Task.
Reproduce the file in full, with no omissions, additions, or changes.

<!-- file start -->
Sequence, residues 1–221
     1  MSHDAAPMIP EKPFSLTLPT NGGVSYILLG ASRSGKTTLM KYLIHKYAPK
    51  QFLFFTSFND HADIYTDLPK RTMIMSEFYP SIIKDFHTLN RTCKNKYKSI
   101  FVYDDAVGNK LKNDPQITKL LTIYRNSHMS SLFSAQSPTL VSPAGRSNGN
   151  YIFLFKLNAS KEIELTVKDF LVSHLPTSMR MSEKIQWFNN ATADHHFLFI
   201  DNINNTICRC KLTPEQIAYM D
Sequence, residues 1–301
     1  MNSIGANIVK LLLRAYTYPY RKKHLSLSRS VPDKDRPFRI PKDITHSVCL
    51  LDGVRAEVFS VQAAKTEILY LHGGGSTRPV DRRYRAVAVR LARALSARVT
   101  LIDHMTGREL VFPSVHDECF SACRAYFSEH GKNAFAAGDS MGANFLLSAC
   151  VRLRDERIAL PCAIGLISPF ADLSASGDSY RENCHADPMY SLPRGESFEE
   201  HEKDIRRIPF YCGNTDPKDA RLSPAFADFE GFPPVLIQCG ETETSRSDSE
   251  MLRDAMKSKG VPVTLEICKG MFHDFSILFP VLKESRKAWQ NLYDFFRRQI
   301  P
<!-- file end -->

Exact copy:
Sequence, residues 1–221
     1  MSHDAAPMIP EKPFSLTLPT NGGVSYILLG ASRSGKTTLM KYLIHKYAPK
    51  QFLFFTSFND HADIYTDLPK RTMIMSEFYP SIIKDFHTLN RTCKNKYKSI
   101  FVYDDAVGNK LKNDPQITKL LTIYRNSHMS SLFSAQSPTL VSPAGRSNGN
   151  YIFLFKLNAS KEIELTVKDF LVSHLPTSMR MSEKIQWFNN ATADHHFLFI
   201  DNINNTICRC KLTPEQIAYM D
Sequence, residues 1–301
     1  MNSIGANIVK LLLRAYTYPY RKKHLSLSRS VPDKDRPFRI PKDITHSVCL
    51  LDGVRAEVFS VQAAKTEILY LHGGGSTRPV DRRYRAVAVR LARALSARVT
   101  LIDHMTGREL VFPSVHDECF SACRAYFSEH GKNAFAAGDS MGANFLLSAC
   151  VRLRDERIAL PCAIGLISPF ADLSASGDSY RENCHADPMY SLPRGESFEE
   201  HEKDIRRIPF YCGNTDPKDA RLSPAFADFE GFPPVLIQCG ETETSRSDSE
   251  MLRDAMKSKG VPVTLEICKG MFHDFSILFP VLKESRKAWQ NLYDFFRRQI
   301  P